Continuity Contributors Ethics Risk Security

COVID-19 Pandemic Management – Lessons learned

As work and home life fuses into one, the high standards that apply to “professional” communication, behavior, environments, and more are now important for everyone, everywhere.

There are multiple angles to managing a Pandemic (specifically the Covid-19 in this study), my focus is on communication and work-from-home challenges while managing this crisis.  The examples narrated are from my personal life as well as based on over 55 dip-stick surveys conducted (during BCI BCAW webinar, BCI Education Month Webinar, other webinars, Summits, and courses delivered by me over last 7 months). Two points emerge strongly:

1) To be incredibly careful with communication processing (receiving, reading, forwarding, and digesting/utilizing)

2) “Work from home” has serious repercussions and is not a silver bullet for solving work related issues.

The full extract is available at https://www.linkedin.com/posts/damansood_my-experiences-from-covid-19-pandmic-activity-6734629640188522496-s94x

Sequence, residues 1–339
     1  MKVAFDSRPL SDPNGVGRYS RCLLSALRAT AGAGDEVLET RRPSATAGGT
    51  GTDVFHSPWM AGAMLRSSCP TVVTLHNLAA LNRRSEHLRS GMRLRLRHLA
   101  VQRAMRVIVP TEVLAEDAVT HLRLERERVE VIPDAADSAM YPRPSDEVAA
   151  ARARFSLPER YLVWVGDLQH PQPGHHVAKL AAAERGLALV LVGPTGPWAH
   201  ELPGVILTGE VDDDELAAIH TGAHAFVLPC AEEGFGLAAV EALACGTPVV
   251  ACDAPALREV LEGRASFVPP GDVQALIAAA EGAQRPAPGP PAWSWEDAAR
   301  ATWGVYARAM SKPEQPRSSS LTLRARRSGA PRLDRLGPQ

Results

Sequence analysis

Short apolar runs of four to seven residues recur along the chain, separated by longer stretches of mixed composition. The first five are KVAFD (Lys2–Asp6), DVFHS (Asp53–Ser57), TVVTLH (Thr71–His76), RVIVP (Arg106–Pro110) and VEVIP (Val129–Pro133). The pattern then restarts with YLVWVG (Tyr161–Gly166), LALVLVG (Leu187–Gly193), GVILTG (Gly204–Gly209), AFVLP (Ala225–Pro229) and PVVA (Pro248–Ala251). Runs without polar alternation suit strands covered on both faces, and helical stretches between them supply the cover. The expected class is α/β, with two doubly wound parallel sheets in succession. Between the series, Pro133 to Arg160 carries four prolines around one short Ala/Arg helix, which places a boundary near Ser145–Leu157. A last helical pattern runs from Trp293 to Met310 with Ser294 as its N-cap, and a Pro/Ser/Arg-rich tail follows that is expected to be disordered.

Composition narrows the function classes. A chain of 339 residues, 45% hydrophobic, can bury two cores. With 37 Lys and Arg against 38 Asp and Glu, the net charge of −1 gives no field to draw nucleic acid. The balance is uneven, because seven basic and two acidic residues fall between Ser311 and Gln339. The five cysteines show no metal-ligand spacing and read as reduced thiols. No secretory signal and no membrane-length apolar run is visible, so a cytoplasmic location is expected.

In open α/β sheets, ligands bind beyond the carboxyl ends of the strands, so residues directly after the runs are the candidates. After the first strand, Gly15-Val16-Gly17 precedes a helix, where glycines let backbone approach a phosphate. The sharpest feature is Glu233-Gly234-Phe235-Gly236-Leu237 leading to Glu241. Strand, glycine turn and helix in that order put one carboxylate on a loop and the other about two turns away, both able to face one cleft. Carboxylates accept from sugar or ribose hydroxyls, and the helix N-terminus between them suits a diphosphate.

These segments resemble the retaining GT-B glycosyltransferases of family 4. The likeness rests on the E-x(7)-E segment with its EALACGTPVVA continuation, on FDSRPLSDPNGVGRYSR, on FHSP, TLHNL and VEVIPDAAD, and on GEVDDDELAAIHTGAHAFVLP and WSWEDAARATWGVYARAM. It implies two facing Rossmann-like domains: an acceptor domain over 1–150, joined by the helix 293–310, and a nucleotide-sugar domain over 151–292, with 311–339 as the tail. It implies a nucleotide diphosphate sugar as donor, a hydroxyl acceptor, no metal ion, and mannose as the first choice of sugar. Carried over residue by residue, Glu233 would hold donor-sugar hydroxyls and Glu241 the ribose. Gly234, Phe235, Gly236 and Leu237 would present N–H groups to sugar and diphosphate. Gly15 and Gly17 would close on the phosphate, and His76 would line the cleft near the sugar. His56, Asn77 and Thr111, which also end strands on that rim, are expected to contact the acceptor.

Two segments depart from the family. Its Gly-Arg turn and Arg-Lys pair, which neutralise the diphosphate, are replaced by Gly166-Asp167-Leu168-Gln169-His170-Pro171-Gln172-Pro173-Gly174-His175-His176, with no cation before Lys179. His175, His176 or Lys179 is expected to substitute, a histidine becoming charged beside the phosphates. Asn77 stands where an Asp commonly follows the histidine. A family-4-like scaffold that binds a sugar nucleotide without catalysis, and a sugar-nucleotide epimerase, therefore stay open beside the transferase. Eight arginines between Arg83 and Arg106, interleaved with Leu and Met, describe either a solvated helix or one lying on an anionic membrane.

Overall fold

In conclusion, I write:

1.      Bad communication practices do more harm than ever before.  “Good intentions” are not enough to excuse the abuse of power given to us by instant messaging applications.

2.      Everyone needs to understand how to authenticate information and be responsible.

3.      The assertion that “work from home” is easily implemented and has no repercussions is false.

4.      Businesses need to be more responsible in their implementation of work from home and their over-enthusiastic goals about the same.

5.      We cannot assume that everyone is well equipped for long term remote work.

6.      IT is the easiest WFH issue to solve – the bigger ones are personal, familial, mental health related, and productivity related.

As work and home life fuses into one, the high standards that apply to “professional” communication, behavior, environments, and more are now important for everyone, everywhere.

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1 comment

  1. A further experience, some (like my son in Scotland) have not been able to be with family for nearly a year now (he would have travelled back at least twice including this holiday season, or we would have travelled to him at least once) – this has serious and long term impacts – are we even bold enough (my son, as well as we the parents) to admit that we are missing something?!

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